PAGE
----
For anti-aging skin care and cosmeceuticals, technology is the driver. Some of the most important categories of ingredients for anti-aging used today include; DNA repair enzymes, plant stem cells, growth factors, retinol, and peptides. Retinol triggers natural skin hydration from deep within, by upregulating extracellular matrix production (collagen-1, hyaluronic acid). You can find a potent form of retinol in ZO Skin Health Ossential Advanced Radical Night Repair, for example. DNA repair agents and synthetic growth factors promote faster repair of the DNA damage induced by both intrinsic (genetic) and extrinsic (environmental, sun exposure, pollution) aging.

According to Dr. Zein Obagi, “Topical agents should promote skin health and not induce further harm. A patient’s regimen should therefore be created using scientifically proven, active ingredients, suited to their skin type and needs. Novel delivery systems and techniques allow us to customize a regimen for each individual.”

Are You in Hot Water?

You already know that it’s best to stay away from proverbial hot water. But when it comes to your skin, it’s best to stay out of the real stuff, too.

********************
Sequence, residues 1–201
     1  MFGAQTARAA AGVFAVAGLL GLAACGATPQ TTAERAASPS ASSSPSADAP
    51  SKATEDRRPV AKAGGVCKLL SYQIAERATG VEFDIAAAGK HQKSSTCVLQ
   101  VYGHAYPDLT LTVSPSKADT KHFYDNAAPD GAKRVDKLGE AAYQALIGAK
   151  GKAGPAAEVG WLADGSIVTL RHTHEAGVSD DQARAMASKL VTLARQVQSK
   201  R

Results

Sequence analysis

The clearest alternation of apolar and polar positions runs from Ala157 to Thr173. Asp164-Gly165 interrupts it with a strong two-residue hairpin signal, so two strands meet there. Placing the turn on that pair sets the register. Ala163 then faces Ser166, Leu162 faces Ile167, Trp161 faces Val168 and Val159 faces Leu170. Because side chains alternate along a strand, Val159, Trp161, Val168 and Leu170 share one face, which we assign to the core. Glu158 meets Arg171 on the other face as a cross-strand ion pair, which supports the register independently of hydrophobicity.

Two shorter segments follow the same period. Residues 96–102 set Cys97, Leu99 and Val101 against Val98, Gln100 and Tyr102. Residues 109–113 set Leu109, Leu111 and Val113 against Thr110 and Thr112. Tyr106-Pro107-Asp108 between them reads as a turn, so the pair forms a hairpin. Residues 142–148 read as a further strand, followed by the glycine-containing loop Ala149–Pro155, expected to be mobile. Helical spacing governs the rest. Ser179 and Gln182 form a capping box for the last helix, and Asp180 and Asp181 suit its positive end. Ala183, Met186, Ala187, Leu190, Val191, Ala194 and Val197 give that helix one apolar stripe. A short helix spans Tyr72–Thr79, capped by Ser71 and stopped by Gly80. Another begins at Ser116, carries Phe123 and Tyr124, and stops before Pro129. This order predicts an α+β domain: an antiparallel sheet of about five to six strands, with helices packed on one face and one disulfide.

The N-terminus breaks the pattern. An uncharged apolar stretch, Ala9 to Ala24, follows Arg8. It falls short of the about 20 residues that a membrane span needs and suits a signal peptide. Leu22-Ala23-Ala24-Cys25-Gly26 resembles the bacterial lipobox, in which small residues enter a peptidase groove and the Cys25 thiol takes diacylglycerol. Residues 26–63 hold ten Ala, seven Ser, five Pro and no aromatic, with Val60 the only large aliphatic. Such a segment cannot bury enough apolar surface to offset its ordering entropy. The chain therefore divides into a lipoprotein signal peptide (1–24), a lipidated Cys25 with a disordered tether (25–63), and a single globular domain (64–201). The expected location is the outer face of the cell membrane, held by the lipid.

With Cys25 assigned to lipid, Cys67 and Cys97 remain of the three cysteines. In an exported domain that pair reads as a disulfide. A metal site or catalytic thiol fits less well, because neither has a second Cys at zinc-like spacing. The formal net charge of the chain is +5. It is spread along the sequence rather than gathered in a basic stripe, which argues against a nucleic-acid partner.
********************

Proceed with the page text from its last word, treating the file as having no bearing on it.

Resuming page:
Long showers, especially during the cold winter months, dehydrate the skin, causing not only a loss of water, but also electrolytes. When your skin is dehydrated, it becomes scaly, taut, irritated—and makes you look older.

So let’s face the facts and see how best to protect your skin.

  • Wash with tepid water and shower only once a day. Hot water will dehydrate and damage your skin.
  • Keep your showers as short as possible. The chlorine in tap water can cause skin damage, so less exposure is preferred and a 5 to 10 minute shower is generally recommended.
  • Look for cleansers that have moisture boosting ingredients like sodium hyaluronate, panthenol, and allantoin. We recommend the ZO Skin Health Hydrating Cleanser for this reason.
  • Immediately after towel drying, apply a good body lotion, such as ZO Skin Health Body Emulsion, which has a high concentration of lactic acid and does an excellent job of hydrating the skin. It’s good to apply it while your skin is slightly damp and your pores are open, so make it part of your morning shower routine.

To combat the effects of chilly fall and winter weather, work to protect and strengthen your skin by keeping it hydrated and protected from the elements. Brrrrrr…